Last week, the Bureau of Labor Statistics (BLS) released unemployment data showing that in April, over 20 million jobs were lost in the U.S., with the unemployment rate spiking to 14.7 percent. On top of that, we’re seeing inflation in the grocery sector. The Labor Department recently reported that grocery prices jumped 2.6% in April, the largest one-month pop since February 1974.
This, of course, is due to the impact of the global pandemic on both the supply chain and household spending. Right now, the average US consumer has less money to spend on groceries—meaning they are looking to stretch their dollars farther than before. But what does it mean for retailers and branded manufacturers? Say hello to the next “big brand” – private brands.
The growth of private label is not new to the coronavirus crisis. In the middle of the 2008 recession, the biggest beneficiaries were private label brands and discount retailers – from Dollar General and Family Dollar to Aldi and Trader Joes. More recently, CB Insights reported in 2018 that owned brands were projected to capture 25% of dollars in the next decade.
Owned brand sales are increasing yet again, as consumers stocked up on groceries and daily essentials in the early days of the crisis. Private-label products for all retail outlets saw a nearly 15% year-over-year gain in the first quarter of 2020 according to Nielsen. At InContext, we saw similar trends across categories in consumer virtual shopping exercises.
For brands and retailers, it’s important to start rethinking how to tackle both assortment and shelf layout in a world where private brands are expected to continue growing even past the pandemic itself.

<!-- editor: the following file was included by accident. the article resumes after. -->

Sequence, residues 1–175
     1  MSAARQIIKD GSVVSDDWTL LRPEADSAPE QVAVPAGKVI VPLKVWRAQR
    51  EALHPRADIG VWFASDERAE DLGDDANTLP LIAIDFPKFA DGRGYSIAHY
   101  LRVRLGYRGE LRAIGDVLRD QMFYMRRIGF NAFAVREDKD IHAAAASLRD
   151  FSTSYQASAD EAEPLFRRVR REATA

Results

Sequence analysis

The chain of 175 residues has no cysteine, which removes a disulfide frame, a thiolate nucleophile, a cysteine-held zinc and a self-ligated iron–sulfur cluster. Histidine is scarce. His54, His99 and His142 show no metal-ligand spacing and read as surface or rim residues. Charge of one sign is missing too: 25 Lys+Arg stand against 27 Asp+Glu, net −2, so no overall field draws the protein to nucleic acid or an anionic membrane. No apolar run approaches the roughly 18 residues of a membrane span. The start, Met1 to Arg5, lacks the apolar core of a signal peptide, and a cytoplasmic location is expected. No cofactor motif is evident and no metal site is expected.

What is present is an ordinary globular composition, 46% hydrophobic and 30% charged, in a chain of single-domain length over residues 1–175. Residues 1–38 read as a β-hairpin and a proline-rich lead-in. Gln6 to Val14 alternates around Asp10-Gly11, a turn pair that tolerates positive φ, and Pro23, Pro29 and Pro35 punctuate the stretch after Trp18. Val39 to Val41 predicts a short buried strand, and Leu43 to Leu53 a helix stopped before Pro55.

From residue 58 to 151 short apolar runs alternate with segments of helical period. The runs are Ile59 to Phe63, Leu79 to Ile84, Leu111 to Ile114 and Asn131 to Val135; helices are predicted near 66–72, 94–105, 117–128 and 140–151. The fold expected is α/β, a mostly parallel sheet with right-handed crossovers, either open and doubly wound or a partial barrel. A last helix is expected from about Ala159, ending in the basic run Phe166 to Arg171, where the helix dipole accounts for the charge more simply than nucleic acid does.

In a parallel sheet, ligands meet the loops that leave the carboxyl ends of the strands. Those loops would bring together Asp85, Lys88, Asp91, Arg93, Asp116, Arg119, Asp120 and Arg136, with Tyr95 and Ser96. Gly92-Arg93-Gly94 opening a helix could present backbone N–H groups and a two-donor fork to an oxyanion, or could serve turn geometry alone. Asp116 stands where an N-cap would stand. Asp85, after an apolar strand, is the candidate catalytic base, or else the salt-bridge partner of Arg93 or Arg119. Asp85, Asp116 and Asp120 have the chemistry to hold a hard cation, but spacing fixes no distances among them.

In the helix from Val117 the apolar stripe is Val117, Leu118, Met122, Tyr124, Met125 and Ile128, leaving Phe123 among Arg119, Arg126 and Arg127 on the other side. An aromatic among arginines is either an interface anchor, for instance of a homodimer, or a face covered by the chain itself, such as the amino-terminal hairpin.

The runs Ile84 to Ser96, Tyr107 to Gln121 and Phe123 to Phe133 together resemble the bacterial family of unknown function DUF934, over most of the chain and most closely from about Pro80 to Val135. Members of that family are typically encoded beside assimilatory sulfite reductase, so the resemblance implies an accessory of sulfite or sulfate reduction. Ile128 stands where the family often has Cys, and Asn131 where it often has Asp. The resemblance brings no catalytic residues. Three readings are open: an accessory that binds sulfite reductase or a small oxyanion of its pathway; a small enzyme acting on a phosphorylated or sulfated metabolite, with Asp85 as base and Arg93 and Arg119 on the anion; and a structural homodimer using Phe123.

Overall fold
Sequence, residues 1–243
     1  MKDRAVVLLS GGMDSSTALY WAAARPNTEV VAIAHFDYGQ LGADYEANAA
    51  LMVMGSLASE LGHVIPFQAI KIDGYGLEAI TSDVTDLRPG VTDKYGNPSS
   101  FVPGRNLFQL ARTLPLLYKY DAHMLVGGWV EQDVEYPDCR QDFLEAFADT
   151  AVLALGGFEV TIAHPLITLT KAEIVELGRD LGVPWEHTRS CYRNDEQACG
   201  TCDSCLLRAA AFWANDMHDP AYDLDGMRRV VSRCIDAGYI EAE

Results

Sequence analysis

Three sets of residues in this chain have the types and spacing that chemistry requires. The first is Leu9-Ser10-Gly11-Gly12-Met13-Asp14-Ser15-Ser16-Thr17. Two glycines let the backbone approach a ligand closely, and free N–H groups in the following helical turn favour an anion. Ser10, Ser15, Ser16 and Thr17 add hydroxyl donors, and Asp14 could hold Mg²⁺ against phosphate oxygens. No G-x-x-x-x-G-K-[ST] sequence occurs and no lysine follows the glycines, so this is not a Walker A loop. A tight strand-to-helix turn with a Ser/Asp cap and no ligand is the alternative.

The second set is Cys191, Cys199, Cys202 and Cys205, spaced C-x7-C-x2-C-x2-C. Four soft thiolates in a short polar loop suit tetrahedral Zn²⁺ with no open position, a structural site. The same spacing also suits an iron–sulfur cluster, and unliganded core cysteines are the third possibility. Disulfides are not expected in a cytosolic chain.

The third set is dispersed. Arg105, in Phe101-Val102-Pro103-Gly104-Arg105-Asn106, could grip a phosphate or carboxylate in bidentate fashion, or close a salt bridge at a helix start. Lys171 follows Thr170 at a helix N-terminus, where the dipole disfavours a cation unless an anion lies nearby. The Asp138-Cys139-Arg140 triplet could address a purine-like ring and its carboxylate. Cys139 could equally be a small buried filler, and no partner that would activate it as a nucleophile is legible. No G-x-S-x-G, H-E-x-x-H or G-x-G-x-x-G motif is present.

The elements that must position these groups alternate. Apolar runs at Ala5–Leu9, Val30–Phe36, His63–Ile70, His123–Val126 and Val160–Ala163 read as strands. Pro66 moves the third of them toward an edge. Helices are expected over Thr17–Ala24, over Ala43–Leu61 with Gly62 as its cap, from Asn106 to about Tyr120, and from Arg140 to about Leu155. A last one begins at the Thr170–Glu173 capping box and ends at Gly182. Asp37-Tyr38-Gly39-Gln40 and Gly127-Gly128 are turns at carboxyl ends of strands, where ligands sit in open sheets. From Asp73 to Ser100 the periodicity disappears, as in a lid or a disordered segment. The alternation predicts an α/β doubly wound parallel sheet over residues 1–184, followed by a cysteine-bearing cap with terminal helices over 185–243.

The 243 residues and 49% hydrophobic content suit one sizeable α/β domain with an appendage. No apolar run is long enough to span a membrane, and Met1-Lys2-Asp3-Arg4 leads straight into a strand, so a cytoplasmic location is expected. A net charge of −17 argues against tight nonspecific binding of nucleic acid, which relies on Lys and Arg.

Collaboration and retailer buy-in
As private label products rise, collaboration is key. Retailers need to be mindful of the balance between their owned labels, and the national brands they stock and promote. And category leaders need to learn how they can recommend the best category or planogram arrangements without hurting the retailer’s private label brands in the process.
For example, one manufacturer we worked with planned to present a new category arrangement recommendation at a regional grocery retailer that would change from vertical brand blocking to horizontal blocking. But the buyer worried the private label products wouldn’t be seen by shoppers in the new arrangement and have a negative impact on overall category sales.
By leveraging virtual they were able to test various concepts online, to create a winning planogram arrangement that not only contributed to the manufacturers’ brand share increase, and but made sure private label product placement still captured shopper attention.
We don’t anticipate private label slowing anytime soon—in fact, we see it growing in the foreseeable future as consumers’ spending habits continue to be impacted by economic uncertainty. We are here to help talk to you about ways to use virtual technology to position your brand for success at the shelf.